Today there are over one million Haitian migrants living in the Dominican Republic. Many work in the country’s sugar industry, often in slave-like conditions, as depicted in recent films like The Price of Sugar (2007) and Sugar Babies (2007). However, the relationship between Haitian immigration to the Dominican Republic and U.S. interventions in the politics, economics, and culture of both the DR and Haiti is still all-too-often overlooked.
It is not surprising that the one hundred-year anniversary of the Dominican occupation has passed largely unnoticed, even as the world continues to reckon with the U.S. role in sustaining race-based economic and social inequalities both at home and abroad. Ironically, in the Dominican Republic, the anniversary came on the eve of one of the most controversial national elections in modern Dominican modern history, in which non-traditional, independent candidates like Domingo Moreno (Alianza País) and Minou Tavarez (Alianza por la Democracia) challenged the establishment and the nation’s long history of servitude to U.S. corporate interests. Amidst wide-supported political resistance, President Danilo Medina, of Partido de la Liberación Dominicana, unabashedly changed the DR’s constitution in order to run for a second term as president. Medina did so despite a public outcry over a corruption scandal that linked him to money laundering and despite his role in the massive diplomatic crisis that followed the passing of the 2013 denationalization law.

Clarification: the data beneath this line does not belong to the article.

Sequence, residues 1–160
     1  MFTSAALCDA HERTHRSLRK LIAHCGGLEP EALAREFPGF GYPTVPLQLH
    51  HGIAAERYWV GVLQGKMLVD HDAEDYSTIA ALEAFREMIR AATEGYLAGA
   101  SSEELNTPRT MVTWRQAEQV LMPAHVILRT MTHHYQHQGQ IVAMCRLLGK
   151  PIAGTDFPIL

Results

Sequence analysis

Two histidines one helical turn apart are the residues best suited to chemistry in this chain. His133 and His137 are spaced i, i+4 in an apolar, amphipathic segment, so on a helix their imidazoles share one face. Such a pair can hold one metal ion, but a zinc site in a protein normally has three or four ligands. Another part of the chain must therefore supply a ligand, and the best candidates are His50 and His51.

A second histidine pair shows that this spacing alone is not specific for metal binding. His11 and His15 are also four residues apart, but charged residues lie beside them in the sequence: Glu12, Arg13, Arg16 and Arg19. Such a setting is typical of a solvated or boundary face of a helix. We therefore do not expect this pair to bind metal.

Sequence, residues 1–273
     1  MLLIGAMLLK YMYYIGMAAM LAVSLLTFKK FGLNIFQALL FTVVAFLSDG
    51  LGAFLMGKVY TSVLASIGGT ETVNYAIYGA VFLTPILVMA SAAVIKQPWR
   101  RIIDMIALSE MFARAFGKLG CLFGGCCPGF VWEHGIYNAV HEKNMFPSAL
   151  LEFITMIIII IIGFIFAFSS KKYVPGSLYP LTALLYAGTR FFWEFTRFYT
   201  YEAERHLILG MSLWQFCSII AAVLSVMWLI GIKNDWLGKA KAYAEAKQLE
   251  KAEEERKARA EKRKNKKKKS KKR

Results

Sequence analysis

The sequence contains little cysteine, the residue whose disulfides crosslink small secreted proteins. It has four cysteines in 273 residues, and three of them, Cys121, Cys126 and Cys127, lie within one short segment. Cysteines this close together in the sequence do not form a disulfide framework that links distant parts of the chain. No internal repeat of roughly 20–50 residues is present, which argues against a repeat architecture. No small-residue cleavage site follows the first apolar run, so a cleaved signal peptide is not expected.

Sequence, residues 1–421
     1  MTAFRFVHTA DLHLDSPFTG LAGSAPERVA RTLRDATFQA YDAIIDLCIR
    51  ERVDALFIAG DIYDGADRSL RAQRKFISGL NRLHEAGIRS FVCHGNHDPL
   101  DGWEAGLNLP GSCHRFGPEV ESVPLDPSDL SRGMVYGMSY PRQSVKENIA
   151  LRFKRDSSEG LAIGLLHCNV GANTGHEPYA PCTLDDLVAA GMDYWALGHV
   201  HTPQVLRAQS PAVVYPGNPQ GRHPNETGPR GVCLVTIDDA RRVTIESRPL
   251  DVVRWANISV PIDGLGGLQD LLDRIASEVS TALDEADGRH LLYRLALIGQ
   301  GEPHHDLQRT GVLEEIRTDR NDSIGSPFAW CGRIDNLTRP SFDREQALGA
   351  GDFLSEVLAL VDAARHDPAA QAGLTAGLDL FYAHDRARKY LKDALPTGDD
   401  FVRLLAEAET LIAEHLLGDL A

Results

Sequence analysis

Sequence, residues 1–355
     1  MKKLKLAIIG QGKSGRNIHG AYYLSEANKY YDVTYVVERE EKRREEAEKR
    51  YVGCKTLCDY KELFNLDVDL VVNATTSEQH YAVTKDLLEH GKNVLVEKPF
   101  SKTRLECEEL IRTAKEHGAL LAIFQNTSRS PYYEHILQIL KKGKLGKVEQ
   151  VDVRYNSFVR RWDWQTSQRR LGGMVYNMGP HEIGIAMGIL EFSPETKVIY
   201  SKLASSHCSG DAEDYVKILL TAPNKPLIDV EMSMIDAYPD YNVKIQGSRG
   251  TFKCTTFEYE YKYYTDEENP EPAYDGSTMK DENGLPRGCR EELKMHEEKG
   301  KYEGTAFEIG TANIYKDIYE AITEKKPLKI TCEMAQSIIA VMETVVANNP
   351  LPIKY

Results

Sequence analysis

Yet, in the climate of Trumpism—where political figures seem to be able to get away with spreading hatred, racism, and anti-immigration rhetoric— Medina’s presidential campaign is a disturbing reminder of the permanence of the 100-year marriage between Dominican politicians and U.S.-backed corporate exploitation of the Dominican poor. As long as the Dominican establishment continues to play ball, this marriage will endure, notwithstanding the opposition of the majority of its people.
Lorgia García-Peña, PhD, is an assistant professor at Harvard University and the co-founder of Freedom University in Georgia. She specializes in Latino/Latina studies and Hispanic Caribbean literary and cultural studies with a special focus on the Dominican Republic and its Diaspora. She is the author of The Borders of Dominicanidad: Race, Nations and Archives of Contradictions (Duke, 2016).